• Taylor Swift's song Wonderland features references to the setting of Alice.



Computer and video games[edit]

  • In the Korean MMORPG MapleStory, an area called Root Abyss is based on "Alice's Adventures in Wonderland". Alicia is a character based on Alice, and three of the four bosses are based on the characters of the novel: Von Bon is a chicken based on the White Rabbit, Pierre is a clown based on the Hatter, and the Crimson Queen is a many-faced queen based on the Queen of Hearts. Some minor NPCs in Root Abyss are also based on other characters of "Alice's Adventures in Wonderland".
  • Alice in Wonderland developed by Etranges Libellules. Based on the 2010 Tim Burton film.
  • The 2000 Game Boy Color video game Alice in Wonderland published by Nintendo.
  • Alice: An Interactive Museum (1990), a point-and-click visual novel created by the influential Japanese computer graphics designer, Haruhiko Shono. Winner of the 1991 MITI Multimedia Grand Prix Award.
  • Alice in Wonderland was adapted into a computer game by Windham Classics in 1985. It is presented as a platform game involving puzzle-solving and simplistic word parsers akin to a text adventure. The game was remade later for Philips CD-I with clay animation graphics.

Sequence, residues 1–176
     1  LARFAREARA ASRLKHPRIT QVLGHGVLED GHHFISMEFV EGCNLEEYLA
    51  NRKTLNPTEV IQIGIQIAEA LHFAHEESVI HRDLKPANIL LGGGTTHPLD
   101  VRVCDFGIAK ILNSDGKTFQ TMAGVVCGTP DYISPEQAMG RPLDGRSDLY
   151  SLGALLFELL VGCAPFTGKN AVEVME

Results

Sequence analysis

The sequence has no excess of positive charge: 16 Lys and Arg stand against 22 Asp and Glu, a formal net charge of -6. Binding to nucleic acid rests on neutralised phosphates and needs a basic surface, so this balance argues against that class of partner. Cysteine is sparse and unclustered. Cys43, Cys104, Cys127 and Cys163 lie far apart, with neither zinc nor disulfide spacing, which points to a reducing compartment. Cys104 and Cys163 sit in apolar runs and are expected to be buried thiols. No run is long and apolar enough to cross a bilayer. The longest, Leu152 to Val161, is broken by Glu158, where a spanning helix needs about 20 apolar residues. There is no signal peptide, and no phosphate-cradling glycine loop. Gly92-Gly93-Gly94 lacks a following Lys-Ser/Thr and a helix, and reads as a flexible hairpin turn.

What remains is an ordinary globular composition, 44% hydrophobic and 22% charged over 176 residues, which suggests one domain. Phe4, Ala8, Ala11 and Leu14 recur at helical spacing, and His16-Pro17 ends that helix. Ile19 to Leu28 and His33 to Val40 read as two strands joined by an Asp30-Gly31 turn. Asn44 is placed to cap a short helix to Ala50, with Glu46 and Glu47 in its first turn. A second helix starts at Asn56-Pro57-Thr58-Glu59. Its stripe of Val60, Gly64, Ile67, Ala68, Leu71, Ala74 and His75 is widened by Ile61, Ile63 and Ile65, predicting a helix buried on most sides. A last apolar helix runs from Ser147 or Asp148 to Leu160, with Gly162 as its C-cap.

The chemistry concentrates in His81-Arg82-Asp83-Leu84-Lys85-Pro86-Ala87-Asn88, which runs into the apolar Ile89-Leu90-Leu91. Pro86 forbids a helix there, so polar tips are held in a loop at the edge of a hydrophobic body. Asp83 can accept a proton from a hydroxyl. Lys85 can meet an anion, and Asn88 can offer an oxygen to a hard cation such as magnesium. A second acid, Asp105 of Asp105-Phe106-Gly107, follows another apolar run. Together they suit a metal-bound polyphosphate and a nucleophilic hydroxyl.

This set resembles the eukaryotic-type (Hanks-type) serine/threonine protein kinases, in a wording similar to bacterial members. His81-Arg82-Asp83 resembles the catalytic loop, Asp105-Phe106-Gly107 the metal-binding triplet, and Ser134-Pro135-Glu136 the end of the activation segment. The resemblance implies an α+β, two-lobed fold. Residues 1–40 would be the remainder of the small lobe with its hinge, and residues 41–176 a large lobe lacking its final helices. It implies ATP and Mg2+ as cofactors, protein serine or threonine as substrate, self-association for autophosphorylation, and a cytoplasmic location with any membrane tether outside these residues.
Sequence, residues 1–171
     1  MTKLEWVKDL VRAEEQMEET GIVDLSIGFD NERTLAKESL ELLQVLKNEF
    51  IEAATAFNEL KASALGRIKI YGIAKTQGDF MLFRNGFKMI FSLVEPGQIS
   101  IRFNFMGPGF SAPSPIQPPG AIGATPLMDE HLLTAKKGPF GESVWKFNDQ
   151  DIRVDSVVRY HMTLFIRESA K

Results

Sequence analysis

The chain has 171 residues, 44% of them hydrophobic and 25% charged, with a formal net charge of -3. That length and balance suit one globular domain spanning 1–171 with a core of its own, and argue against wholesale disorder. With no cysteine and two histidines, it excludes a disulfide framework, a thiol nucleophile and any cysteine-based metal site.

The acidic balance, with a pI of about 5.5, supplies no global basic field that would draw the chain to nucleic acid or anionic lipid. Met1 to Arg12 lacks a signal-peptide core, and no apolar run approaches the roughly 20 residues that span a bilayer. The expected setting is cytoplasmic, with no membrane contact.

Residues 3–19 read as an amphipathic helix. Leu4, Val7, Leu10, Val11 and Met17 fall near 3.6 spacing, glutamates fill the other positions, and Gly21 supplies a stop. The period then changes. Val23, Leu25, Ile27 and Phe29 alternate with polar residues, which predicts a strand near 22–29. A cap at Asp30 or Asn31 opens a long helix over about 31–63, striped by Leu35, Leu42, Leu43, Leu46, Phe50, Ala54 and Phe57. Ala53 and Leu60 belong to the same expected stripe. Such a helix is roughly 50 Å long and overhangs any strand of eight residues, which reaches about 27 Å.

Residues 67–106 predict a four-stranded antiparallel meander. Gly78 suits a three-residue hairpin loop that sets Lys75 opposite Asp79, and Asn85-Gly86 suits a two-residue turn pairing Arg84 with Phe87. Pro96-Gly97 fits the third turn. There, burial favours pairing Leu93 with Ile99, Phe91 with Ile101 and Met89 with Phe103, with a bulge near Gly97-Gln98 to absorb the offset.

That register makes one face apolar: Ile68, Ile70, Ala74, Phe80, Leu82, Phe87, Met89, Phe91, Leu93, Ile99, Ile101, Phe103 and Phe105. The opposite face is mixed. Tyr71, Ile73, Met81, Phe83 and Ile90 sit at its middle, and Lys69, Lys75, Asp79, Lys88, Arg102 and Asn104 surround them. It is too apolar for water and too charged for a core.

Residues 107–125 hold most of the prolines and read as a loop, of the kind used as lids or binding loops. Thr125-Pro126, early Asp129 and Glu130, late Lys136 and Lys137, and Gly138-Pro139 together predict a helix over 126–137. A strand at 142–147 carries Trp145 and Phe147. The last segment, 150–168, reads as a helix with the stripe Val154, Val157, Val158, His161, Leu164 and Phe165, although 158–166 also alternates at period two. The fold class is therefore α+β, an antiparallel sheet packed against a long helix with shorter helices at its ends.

• American McGee's Alice is a macabre computer game which chronologically takes place following the two Alice books.
  • Alice: Madness Returns is a direct sequel to American McGee's Alice and features Alice, now almost an adult, that tries to tackle the unresolved psychological issues related to the death of her family. Directly related to her fractured mind, the Wonderland is destroyed and a mysterious train rampages the remains.
  • The RPG Kingdom Hearts includes Alice as a plot character. Also, Disney's version of Wonderland appears as one of the first worlds.
  • In the intro to the Nintendo 64 game, Chameleon Twist, a rabbit runs through a forest stating he is late for something and jumps into a tree trunk and warps to a magical world. The player's character follows the rabbit into the magical world. A sequel was made called Chameleon Twist 2 and the rabbit and the magical world are once again featured.